Receiving cardiopulmonary resuscitation (CPR) from a bystander – compared with not – was associated with better overall and neurologically favorable survival for children and adolescents who had out-of-hospital cardiac arrest, according to an article published online by JAMA Pediatrics. The study is being presented at the American Heart Association’s Scientific Sessions 2016.
Every year in the United States, more than 5,000 children experience out-of-hospital cardiac arrest (OHCA) and the outcome is generally poor, with a mortality rate greater than 90 percent. The American Heart Association (AHA) recommends conventional CPR for pediatric cardiac arrest. However if the bystander is unable or reluctant to perform rescue breathing, the AHA recommends compression-only CPR (COR), noting that delivering COR is better than no CPR.
Maryam Y. Naim, MD, of Children’s Hospital of Philadelphia, and co-authors analyzed data from the Cardiac Arrest Registry to Enhance Survival for OHCAs in children younger than 18 from January 2013 through December 2015.
The study included 3,900 children with OHCA, of whom 2,317 (59.4%) were infants, 2,346 (60.2%) were female and 3,595 (92.2%) had non-shockable heart rhythms. Cardiac arrests that occur in infants are most likely secondary to sudden infant death syndrome, according to the report.
The authors report:
- CPR from bystanders was performed on 1,814 children (46.5%).
- Overall survival was 11.3% and neurologically favorable survival was 9.1%.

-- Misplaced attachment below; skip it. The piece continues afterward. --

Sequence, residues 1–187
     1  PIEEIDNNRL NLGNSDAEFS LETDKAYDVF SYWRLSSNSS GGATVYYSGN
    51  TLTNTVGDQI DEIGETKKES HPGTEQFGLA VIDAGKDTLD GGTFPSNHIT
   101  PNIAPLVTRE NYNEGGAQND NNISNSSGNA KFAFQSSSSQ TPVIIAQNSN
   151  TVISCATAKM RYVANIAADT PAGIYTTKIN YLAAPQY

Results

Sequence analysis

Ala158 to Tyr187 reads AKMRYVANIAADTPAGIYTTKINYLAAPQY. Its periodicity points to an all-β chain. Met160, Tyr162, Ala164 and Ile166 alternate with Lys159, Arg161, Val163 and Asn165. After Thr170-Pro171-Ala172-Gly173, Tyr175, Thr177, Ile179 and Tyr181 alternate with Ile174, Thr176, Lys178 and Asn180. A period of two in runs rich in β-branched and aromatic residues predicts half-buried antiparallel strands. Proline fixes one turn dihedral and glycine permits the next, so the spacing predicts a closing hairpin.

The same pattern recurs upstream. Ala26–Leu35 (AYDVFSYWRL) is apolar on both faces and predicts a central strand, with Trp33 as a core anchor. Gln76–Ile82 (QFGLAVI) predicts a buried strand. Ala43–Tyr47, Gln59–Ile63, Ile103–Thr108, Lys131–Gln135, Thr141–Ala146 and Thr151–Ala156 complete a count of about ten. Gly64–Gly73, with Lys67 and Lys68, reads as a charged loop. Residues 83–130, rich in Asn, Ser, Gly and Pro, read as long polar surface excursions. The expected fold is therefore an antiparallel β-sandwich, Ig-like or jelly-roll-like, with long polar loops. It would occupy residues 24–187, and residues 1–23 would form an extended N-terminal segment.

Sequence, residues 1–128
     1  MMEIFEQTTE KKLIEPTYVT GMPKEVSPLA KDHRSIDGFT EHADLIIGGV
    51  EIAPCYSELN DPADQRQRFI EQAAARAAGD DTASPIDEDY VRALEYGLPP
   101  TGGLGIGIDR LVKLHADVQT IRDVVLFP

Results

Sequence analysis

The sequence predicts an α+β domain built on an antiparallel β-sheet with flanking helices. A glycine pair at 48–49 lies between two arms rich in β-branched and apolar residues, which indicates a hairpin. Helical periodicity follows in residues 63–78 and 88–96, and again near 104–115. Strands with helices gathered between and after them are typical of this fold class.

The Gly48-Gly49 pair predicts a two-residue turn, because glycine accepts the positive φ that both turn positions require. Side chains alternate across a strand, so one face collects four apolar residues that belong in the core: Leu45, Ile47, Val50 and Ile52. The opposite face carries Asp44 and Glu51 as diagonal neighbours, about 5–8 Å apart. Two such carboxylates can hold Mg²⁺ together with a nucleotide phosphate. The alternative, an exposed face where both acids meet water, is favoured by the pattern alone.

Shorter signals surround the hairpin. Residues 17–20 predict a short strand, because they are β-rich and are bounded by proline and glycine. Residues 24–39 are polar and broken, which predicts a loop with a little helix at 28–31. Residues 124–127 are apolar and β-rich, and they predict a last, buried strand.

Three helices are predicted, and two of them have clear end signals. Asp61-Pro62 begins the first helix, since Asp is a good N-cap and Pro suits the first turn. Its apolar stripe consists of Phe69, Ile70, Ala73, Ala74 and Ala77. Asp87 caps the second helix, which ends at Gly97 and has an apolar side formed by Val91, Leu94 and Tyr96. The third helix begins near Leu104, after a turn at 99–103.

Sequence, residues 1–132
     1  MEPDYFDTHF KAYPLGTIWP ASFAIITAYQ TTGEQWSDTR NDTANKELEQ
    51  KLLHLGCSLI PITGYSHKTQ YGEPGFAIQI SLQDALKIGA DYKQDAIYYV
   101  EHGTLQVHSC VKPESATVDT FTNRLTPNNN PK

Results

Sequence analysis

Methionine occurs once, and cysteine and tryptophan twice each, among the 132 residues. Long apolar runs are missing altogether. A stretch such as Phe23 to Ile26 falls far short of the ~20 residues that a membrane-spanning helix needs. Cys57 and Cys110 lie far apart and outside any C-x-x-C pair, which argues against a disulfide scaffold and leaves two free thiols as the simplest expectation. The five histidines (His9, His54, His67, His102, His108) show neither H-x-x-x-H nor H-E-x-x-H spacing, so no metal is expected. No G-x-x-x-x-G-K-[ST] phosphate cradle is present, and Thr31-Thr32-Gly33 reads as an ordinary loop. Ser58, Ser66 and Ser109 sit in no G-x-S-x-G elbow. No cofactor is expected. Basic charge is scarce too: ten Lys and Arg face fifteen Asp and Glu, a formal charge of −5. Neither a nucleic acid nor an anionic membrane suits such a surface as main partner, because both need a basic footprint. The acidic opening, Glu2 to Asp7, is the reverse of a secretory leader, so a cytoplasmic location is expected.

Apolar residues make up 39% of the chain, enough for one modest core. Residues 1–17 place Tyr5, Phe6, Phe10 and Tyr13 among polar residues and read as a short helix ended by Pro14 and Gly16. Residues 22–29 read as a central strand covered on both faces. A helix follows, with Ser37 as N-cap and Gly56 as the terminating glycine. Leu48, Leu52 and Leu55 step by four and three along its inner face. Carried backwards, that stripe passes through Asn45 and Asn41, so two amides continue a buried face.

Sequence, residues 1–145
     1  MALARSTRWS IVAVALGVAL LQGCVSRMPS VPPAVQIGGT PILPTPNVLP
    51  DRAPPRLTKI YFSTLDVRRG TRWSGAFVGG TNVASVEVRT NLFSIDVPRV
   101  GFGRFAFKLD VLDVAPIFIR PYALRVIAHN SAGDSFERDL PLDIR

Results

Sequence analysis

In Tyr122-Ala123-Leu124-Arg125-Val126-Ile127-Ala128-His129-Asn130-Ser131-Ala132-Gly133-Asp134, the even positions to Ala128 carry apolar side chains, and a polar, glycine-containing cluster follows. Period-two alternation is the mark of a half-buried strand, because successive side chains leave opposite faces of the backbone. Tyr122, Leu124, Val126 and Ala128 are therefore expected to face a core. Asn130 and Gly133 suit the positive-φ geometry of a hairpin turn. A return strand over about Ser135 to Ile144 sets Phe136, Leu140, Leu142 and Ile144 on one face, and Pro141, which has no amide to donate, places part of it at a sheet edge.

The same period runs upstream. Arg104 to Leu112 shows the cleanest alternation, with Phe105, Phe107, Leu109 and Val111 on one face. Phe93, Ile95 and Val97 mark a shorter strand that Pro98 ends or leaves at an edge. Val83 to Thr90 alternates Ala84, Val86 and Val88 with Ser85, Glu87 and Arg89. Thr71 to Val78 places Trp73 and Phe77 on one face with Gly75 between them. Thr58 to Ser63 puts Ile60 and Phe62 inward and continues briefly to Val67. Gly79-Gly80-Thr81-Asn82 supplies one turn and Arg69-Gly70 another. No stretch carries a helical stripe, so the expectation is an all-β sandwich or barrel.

- CPR from a bystander was more common for white children compared with black and Hispanic children.
- CPR from a bystander was associated with better odds of overall survival and neurologically favorable survival compared with none.
- Conventional CPR and compression-only CPR were provided in a similar number of cases; conventional CPR was associated with improved outcomes compared with compression-only CPR; among infants, conventional CPR from a bystander was associated with improved outcomes while compression-only CPR had outcomes similar to no CPR from a bystander.
Limitations to the study are that the data are observational and causality cannot be established.
“Bystander CPR is associated with improved outcomes in children with OHCA. Conventional BCPR [bystander CPR] is associated with improved outcomes compared with COR [compression-only CPR] and, among infants, there was no benefit of BCPR unless ventilations were provided. Efforts to improve the provision of CPR in minority communities and increasing the use of conventional BCPR may improve outcomes for children with OHCA,” the study concludes.